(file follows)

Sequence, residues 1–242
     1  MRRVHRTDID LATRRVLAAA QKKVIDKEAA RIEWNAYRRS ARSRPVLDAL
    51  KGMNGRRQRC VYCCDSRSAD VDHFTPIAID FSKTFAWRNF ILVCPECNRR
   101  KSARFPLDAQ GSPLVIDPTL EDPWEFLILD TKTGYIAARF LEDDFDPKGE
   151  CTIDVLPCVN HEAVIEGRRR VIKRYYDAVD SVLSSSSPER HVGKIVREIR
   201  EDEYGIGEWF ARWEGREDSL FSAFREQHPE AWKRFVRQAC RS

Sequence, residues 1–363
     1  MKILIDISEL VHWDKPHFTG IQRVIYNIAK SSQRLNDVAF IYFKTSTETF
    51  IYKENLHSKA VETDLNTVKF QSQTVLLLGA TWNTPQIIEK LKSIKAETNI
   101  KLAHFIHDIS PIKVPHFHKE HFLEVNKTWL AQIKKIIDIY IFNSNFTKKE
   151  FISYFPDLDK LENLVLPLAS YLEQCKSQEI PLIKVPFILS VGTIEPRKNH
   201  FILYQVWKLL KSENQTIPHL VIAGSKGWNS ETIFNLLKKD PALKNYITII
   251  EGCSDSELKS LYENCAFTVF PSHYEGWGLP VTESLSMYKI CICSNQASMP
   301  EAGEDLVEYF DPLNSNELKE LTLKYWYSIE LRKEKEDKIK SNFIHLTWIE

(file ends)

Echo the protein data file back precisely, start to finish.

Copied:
Sequence, residues 1–242
     1  MRRVHRTDID LATRRVLAAA QKKVIDKEAA RIEWNAYRRS ARSRPVLDAL
    51  KGMNGRRQRC VYCCDSRSAD VDHFTPIAID FSKTFAWRNF ILVCPECNRR
   101  KSARFPLDAQ GSPLVIDPTL EDPWEFLILD TKTGYIAARF LEDDFDPKGE
   151  CTIDVLPCVN HEAVIEGRRR VIKRYYDAVD SVLSSSSPER HVGKIVREIR
   201  EDEYGIGEWF ARWEGREDSL FSAFREQHPE AWKRFVRQAC RS

Sequence, residues 1–363
     1  MKILIDISEL VHWDKPHFTG IQRVIYNIAK SSQRLNDVAF IYFKTSTETF
    51  IYKENLHSKA VETDLNTVKF QSQTVLLLGA TWNTPQIIEK LKSIKAETNI
   101  KLAHFIHDIS PIKVPHFHKE HFLEVNKTWL AQIKKIIDIY IFNSNFTKKE
   151  FISYFPDLDK LENLVLPLAS YLEQCKSQEI PLIKVPFILS VGTIEPRKNH
   201  FILYQVWKLL KSENQTIPHL VIAGSKGWNS ETIFNLLKKD PALKNYITII
   251  EGCSDSELKS LYENCAFTVF PSHYEGWGLP VTESLSMYKI CICSNQASMP
   301  EAGEDLVEYF DPLNSNELKE LTLKYWYSIE LRKEKEDKIK SNFIHLTWIE